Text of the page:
Trump might not be chief guest for Republic Day 2019
US President Donald Trump is unlikely to accept India's invitation to be the chief guest at the Republic Day celebrations, sources said yesterday. The US is understood to have conveyed to India that Trump may not be able to honor the invitation as he will have pressing engagements, including his State of The Union (SOTU) address, around the time India celebrates its Republic Day.
Indo-US ties strained after India signed military deal with Russia
Trump's possible rejection comes at a time when Indo-US ties have witnessed some strain after India sealed a deal with Russia to procure a batch of S-400 air defense missile systems, notwithstanding US threat of punitive action under CAATSA (Countering America's Adversaries Through Sanctions Act). Under CAATSA, the US can punish entities engaged in a transaction with the defense or intelligence establishment of Russia.
Various other options for chief guest being explored
India and the US were in touch with each other over India's invite to Trump to visit the country. However after Trump's rejection, India has now shortlisted names of two-three heads of States for extending an invitation to be chief guest, sources added, indicating India wasn't exclusively looking at Trump's presence at the Republic Day celebrations and that various other options were being explored.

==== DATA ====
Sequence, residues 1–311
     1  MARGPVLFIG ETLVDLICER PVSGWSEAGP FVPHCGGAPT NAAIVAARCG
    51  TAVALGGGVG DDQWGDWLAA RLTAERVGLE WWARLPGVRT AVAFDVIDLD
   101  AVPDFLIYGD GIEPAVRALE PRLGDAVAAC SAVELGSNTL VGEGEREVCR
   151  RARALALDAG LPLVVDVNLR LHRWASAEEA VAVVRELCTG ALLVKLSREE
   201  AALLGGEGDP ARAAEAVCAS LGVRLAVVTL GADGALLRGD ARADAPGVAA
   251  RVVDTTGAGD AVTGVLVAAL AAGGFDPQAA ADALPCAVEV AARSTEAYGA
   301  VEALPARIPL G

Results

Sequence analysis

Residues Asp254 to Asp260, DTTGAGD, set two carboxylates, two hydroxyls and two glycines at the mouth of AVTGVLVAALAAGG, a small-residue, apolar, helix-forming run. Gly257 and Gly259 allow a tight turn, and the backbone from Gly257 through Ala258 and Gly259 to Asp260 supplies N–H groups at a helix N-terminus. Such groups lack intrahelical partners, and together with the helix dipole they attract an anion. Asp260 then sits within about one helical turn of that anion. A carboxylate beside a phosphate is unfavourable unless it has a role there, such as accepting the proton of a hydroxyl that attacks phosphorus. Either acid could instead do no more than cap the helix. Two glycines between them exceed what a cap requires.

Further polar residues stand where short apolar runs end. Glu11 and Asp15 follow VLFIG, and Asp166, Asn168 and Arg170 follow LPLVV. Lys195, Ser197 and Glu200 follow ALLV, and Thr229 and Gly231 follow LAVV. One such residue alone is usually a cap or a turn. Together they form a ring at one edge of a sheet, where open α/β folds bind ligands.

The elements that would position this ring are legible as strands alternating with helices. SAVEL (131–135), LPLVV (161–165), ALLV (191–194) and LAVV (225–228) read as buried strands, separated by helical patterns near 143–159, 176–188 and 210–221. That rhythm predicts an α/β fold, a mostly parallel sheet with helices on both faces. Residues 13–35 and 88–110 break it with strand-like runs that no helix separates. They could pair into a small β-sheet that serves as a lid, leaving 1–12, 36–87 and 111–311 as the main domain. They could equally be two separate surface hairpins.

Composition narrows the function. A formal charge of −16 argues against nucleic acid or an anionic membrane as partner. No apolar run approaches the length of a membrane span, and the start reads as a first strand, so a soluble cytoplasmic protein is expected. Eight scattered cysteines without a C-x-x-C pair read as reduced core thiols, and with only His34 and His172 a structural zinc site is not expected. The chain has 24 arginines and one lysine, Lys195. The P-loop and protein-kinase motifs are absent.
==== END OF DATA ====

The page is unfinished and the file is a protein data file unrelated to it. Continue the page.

India invites world leaders for Republic Day celebrations every year
Every year, India invites world leaders to attend its Republic Day celebrations. In 2015, the then US President Barack Obama had attended it as the chief guest, which was also his second visit to India as the President. This year, leaders from 10 ASEAN countries had attended the celebrations. In 2016, the then French President Francois Hollande was the chief guest of the parade.
Nicolas Sarkozy, Putin, Abe were chief guests too
The other heads of State and Government who have previously attended the Republic Day celebrations include Nicolas Sarkozy, Vladimir Putin, Nelson Mandela, John Major, Mohammed Khatami, and Jacques Chirac. Japan's Prime Minister Shinzo Abe was the chief guest at the Republic Day celebrations in 2014.